Discussion of this memorandum brought to the surface an unease about paramilitary covert action that had become ingrained, at least among some CIA senior managers. James Pavitt, the assistant head of the Directorate of Operations, expressed concern that people might get killed; it appears he thought the operation had at least a slight flavor of a plan for an assassination. Moreover, he calculated that it would cost several million dollars. He was not prepared to take that money "out of hide," and he did not want to go to all the necessary congressional committees to get special money. Despite Pavitt's misgivings, the CIA leadership cleared the draft memorandum and sent it on to the National Security Council.25
Counterterrorist Center officers briefed Attorney General Janet Reno and FBI Director Louis Freeh, telling them that the operation had about a 30 percent chance of success. The Center's chief, "Jeff," joined John O'Neill, the head of the FBI's New York Field Office, in briefing Mary Jo White, the U.S. Attorney for the Southern District of New York, and her staff. Though "Jeff" also used the 30 percent success figure, he warned that someone would surely be killed in the operation. White's impression from the New York briefing was that the chances of capturing Bin Ladin alive were nil.26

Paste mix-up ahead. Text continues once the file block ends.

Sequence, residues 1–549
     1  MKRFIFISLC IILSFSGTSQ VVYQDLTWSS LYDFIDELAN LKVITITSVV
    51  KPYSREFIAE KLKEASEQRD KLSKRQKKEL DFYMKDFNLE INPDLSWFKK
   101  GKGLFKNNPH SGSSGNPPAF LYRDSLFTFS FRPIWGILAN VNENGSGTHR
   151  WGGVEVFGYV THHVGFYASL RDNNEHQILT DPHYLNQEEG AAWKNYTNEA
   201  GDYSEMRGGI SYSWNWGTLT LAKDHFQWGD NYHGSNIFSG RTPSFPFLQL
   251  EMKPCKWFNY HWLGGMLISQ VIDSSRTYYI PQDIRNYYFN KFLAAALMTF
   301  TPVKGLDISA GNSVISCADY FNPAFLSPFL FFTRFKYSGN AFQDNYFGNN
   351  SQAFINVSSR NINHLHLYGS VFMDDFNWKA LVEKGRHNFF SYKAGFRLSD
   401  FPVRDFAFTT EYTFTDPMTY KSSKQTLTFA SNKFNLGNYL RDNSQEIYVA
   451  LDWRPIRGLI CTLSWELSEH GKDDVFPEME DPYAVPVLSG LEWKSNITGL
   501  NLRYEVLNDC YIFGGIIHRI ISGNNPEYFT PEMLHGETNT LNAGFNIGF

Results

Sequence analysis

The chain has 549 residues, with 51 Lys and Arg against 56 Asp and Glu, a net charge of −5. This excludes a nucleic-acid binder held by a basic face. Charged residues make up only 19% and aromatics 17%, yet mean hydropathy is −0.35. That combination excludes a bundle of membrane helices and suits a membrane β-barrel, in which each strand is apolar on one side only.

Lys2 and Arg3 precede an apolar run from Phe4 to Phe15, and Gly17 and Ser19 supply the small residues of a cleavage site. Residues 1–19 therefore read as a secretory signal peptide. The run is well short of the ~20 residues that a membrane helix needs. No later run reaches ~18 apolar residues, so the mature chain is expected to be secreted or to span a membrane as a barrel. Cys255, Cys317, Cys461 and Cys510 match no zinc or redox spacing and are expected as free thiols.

From May 20 to 24, the CIA ran a final, graded rehearsal of the operation, spread over three time zones, even bringing in personnel from the region. The FBI also participated. The rehearsal went well. The Counterterrorist Center planned to brief cabinet-level principals and their deputies the following week, giving June 23 as the date for the raid, with Bin Ladin to be brought out of Afghanistan no later than July 23.27